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Dissertationsprojekt Fowler (Exposee)

Japanese Garden Design: Semiotic, Ontological and Philosophic Constructs

Supervisor: Prof. Dr. Martin Lehnert

The general aims of this research project are to explore fundamental design
concepts of Japanese gardens. The history of such spaces from their early
prominence in the Heian era to their flourishing and development through the
Muromachi and Edo eras and into the mid-twentieth century will be traced and
closely mapped. The study ultimately seeks to frame the Japanese garden as a
philosophical concept that emerges out of its physical usurpations of landscape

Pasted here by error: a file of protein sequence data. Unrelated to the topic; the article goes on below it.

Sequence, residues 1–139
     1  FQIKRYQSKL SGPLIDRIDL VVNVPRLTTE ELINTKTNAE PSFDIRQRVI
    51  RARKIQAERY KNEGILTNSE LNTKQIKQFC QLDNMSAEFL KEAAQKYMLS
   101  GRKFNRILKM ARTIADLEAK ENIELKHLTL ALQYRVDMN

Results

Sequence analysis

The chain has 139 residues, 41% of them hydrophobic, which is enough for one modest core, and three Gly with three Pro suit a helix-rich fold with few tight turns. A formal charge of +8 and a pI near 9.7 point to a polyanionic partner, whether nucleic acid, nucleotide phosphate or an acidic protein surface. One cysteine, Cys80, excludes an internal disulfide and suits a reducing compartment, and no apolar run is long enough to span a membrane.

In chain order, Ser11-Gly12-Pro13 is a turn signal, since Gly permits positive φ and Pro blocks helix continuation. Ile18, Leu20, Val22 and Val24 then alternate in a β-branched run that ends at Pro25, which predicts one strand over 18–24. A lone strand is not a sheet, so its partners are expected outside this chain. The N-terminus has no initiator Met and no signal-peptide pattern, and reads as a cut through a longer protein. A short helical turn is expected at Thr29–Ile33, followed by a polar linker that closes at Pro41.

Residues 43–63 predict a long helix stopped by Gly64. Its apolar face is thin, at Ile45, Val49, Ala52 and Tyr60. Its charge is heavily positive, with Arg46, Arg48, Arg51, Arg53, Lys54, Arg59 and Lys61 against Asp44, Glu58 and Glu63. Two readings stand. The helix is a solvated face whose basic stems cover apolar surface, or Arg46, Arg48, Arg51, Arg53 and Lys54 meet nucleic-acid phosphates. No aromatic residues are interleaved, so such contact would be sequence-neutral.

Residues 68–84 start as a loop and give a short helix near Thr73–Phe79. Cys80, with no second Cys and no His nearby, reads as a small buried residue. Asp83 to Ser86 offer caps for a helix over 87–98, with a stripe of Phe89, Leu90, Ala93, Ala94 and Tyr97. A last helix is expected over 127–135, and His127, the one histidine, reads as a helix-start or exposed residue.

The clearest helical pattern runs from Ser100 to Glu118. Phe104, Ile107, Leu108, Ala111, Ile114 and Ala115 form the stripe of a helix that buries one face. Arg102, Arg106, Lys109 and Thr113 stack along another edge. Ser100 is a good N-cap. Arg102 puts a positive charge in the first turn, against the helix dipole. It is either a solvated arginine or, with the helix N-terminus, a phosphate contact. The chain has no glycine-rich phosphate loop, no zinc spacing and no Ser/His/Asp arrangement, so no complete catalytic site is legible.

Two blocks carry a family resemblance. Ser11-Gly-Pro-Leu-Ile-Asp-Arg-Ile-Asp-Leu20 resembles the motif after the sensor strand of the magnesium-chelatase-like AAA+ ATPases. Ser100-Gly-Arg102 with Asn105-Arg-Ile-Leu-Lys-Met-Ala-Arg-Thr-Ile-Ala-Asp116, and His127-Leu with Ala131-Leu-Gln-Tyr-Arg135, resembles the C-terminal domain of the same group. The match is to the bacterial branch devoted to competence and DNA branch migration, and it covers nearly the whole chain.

imagery and the influence of Buddhist ideals regarding space. As such, a number of
varied and interdisciplinary methods are to be employed that include both the
traditional semiotic square of A.J. Greimas (1966), in addition to analyses and
expansions of Greimas’ methods through the use of Formal Concept Analysis (Wille
1982) and Conceptual Graphs (Sowa 1984). The combination of mathematical,
ontological and semiotic approaches to analysis will be applied to a host of extant
Japanese gardens in Japan. This approach is favoured in order to formulate and
tease out deeper structural and philosophical characteristics of Japanese gardens
with the view of enabling new insights into garden design and the notion of the
Japanese garden as a sign system.